Bruno Paillard Champagne (NV)

I attended a masterclass the other day at a new wine shop that has recently opened within the Bluebird Cafe/Restaurant complex. Bluebird, on the King’s Road in Chelsea, has been around for about 10 years but has recently undergone renovations and has now had an epicerie and wineshop added to the premises.

Bruno Paillard is a small, young champagne house that has only been producing since the early 1980’s. To start a champagne house in the last 20th century was considered  madness by the Champenois but through hardwork, perservence, a dedication to selecting only the best grapes from independent growers and strict controls on the winemaking process, he has managed to produce some truly amazing, fine, delicate champagne.
The house trademark of all their champagnes is low dosage (whereby bottles are topped up with sweetened  wine after the second fermentation – read more here. ) Most brut champagne has a dosage of around 12 grams per liter, Paillard champagnes have an average of 6-8 grams per liter. The philosophy behind this is to produce wines that highlight the freshness of the

wines, while at the same time allowing the purity and balance of the champagne come through.
The first champagne was their Premier Cuvee Brut NV (8gr/lt). The house only uses the first pressings for all of their wines to ensure that only the purest juice is used. This sample was a blend of Chardonnay, P.Noir and P.Meunier. A pale yellow in colour with tiny bubbles spiraling up the glass. Zesty and light, citrusy-floral nose with hints of orange blossoms. Clean, fresh and with a youthful appeal but not bitter as some young champagnes can be, lemon-lime flavours on the palate with a long finish. This was a definite palate cleanser but not astringent or acidic, very well balanced. (retail £33)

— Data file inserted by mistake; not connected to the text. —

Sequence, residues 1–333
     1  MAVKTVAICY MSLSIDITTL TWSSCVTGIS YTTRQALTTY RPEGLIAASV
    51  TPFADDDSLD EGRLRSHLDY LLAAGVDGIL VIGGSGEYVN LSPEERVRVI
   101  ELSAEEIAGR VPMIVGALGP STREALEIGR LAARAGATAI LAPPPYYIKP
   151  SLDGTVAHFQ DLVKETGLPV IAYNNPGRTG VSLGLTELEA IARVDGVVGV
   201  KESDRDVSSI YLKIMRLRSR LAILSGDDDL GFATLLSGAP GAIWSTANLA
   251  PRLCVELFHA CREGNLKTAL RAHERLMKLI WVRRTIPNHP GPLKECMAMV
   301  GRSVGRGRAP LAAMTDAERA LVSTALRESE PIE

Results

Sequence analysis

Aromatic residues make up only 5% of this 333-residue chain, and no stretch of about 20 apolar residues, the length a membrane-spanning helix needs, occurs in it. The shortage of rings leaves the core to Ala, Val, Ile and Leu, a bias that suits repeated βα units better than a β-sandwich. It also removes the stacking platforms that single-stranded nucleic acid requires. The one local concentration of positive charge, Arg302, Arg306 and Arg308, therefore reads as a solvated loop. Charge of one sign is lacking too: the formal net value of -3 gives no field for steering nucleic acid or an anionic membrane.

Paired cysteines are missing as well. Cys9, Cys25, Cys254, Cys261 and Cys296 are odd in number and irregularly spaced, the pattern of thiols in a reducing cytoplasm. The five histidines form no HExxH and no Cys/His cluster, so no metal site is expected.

We then moved onto the Blanc de Blanc Reserve Privee Grand Cru (6g/ltr). This champagne had spent 4 years on its lees and that was definitely evident on the nose as well as the palate. A fine yellow with flecks of green and pretty petite bubbles that bounced around my mouth. Aromas of brioche and a bit toasty with hints of apple and lemon. Those same characteristics followed thru on the palate as well as some grapefruit showing up towards the end. Most of the grapes used were from the ’03 vintage, 100% chardonnay.
The last NV we sampled was the Brut Rosé. This was a lovely pale, almost aged onion-skin paper colour verging on a pale salmon hue. It was such a beautiful colour, I almost didn’t want to drink it but drink it I did and what a terrific rosé it is! First up were floral notes with hints of red plums and raspberries on the nose and persistent tiny bubbles rising up from the bottom of the glass. On drinking it, I found a rather delicate rosé but full of flavour – raspberries, red apple, plum and toffee apple on the finish. A very well structured, light and winsome rosé, unlike other rosé champagnes that too often can be heavy and cloying. This has proved a rather successful rosé for the house, consisting of 8%  of their production. (£43 retail)
Next up the Vintage stuff….



  1. Bruno and Joel (Paillard and Robechon) « The Winesleuth - [...] can I say about the wines. Bruno Paillard is one of my favourites and I’ve written about his champagnes…

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